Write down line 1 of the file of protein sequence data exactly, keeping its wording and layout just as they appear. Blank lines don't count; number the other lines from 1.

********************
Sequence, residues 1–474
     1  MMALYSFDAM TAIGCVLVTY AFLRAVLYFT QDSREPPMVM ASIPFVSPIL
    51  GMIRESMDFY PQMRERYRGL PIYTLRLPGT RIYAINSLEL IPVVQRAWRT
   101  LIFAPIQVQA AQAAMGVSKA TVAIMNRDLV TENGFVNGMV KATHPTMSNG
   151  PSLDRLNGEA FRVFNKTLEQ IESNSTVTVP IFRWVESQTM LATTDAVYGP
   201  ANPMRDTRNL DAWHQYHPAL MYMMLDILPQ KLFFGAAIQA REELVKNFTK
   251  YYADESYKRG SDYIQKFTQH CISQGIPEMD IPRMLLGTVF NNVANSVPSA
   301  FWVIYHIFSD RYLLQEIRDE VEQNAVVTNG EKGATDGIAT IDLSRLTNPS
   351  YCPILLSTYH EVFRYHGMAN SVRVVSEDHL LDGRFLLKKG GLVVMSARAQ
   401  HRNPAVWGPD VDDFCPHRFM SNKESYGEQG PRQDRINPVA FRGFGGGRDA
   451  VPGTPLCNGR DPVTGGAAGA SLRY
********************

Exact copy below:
Sequence, residues 1–474